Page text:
In hypospadias, the opening of the urethra is located on the underside of the penis instead of at the tip. The severity of the condition varies. In most cases, the opening of the urethra is near the head of the penis. Less often, the opening is at midshaft or at the base of the penis. Rarely, the opening is in or beneath the scrotum.
Signs and symptoms of hypospadias may include:
- Opening of the urethra at a location other than the tip of the penis
- Downward curve of the penis (chordee)
- Hooded appearance of the penis because only the top half of the penis is covered by foreskin
- Abnormal spraying during urination
When to see a doctor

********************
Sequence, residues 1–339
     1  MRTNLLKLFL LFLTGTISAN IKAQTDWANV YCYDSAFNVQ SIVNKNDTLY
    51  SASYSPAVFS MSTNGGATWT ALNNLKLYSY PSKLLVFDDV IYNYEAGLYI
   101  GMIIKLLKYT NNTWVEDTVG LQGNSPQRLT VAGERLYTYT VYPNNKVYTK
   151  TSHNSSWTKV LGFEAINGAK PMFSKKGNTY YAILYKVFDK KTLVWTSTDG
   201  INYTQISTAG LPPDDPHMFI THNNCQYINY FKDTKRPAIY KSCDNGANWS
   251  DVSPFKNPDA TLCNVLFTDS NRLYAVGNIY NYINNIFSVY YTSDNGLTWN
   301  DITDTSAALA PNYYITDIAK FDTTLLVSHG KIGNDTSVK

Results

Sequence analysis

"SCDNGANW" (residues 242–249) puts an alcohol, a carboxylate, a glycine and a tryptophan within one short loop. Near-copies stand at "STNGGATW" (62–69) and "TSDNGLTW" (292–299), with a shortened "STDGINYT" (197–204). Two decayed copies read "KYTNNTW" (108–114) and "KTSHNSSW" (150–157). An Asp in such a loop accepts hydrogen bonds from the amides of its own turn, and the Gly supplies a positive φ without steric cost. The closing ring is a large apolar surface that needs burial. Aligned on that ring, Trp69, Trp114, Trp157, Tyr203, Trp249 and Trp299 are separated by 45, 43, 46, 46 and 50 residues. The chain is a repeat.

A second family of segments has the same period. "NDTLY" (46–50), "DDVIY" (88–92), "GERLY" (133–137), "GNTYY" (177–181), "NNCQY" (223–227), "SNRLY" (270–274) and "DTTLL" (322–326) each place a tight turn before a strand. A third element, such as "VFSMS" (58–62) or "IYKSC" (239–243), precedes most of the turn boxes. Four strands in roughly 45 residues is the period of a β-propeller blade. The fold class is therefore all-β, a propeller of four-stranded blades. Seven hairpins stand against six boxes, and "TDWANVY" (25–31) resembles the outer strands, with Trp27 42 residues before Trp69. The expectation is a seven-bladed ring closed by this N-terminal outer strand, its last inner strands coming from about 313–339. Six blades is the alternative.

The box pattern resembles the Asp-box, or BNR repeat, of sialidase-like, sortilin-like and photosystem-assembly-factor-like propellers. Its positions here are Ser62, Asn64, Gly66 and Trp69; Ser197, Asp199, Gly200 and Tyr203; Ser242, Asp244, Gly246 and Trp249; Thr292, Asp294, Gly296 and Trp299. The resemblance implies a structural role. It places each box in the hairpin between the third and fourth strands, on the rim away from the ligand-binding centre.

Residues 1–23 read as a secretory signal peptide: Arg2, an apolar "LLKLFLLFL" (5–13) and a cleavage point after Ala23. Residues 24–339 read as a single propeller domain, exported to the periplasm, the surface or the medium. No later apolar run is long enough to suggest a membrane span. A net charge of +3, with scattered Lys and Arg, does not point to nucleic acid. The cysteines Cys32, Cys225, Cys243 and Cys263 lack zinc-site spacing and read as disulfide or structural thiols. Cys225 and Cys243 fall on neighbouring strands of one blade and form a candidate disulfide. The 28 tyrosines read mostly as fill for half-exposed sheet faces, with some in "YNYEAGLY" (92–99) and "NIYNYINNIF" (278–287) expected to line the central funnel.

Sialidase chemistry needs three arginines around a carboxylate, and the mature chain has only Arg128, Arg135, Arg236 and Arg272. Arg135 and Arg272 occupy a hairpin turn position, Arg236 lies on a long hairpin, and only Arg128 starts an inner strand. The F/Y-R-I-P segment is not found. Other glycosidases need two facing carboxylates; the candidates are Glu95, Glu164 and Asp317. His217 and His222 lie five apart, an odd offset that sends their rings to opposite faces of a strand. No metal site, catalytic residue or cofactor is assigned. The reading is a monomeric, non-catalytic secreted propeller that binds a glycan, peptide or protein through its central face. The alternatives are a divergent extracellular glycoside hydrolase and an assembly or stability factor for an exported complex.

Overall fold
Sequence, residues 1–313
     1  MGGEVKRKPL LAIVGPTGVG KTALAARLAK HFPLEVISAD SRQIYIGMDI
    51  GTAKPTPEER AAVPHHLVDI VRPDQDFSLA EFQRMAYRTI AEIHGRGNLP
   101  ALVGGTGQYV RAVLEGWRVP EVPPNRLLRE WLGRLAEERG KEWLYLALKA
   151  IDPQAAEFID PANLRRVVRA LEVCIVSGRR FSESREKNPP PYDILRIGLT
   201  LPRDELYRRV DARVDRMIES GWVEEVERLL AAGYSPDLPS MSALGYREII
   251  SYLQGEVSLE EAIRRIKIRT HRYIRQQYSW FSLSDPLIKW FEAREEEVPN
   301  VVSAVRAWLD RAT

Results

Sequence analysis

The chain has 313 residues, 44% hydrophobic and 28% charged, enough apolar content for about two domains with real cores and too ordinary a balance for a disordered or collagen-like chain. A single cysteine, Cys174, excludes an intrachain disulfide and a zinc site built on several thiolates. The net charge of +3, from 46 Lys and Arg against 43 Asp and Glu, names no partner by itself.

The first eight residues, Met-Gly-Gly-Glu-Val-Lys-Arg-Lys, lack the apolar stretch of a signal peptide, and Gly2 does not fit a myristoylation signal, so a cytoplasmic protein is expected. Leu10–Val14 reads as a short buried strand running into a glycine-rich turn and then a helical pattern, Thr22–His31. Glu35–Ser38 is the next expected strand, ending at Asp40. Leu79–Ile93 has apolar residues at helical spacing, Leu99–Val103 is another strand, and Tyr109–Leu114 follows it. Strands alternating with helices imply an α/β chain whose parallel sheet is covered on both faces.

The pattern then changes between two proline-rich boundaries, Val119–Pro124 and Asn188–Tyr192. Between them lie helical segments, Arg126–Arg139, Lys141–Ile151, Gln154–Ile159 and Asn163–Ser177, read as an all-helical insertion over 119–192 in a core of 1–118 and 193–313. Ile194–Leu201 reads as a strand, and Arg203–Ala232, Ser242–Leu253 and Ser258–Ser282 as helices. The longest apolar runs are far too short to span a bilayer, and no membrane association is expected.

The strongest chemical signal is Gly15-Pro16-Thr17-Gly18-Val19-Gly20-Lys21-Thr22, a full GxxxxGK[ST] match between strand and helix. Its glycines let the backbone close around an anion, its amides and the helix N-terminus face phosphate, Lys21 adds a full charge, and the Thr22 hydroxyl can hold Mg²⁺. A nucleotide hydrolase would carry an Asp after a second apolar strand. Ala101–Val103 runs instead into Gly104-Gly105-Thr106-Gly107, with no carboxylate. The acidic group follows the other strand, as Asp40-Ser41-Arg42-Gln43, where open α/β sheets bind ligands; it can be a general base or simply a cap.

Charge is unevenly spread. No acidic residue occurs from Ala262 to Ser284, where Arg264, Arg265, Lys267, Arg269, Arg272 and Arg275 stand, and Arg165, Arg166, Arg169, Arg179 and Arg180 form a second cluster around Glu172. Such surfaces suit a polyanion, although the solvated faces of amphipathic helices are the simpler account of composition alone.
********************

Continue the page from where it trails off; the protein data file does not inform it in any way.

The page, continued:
Most infants with hypospadias are diagnosed soon after birth while still in the hospital.
However, it's possible that less severe hypospadias may be overlooked. Call your doctor if you notice your son's urethral opening is not at the tip of the penis, his foreskin is not fully developed or his penis curves downward.
Oct. 01, 2013
- Kliegman RM, et al. Nelson Textbook of Pediatrics. 19th ed. Philadelphia, Pa.: Saunders Elsevier; 2011. http://www.clinicalkey.com. Accessed July 28, 2013.
- Hypospadias. American Urological Association. http://www.urologyhealth.org/urology/index.cfm?article=130&display=1. Accessed July 28, 2013.
- Baskin LS. Hypospadia. http://www.uptodate.com/home. Accessed July 28, 2013.
- Carmichael SL, et al. Environmental and genetic contributors to hypospadias: A review of the epidemiologic evidence. Birth Defects Research (Part A). 2012;94:499.
- Hoecker JL (expert opinion). Mayo Clinic, Rochester, Minn. Aug. 11, 2013.
- Cook AJ. Decision Support System. Mayo Clinic, Rochester, Minn. July 15, 2013.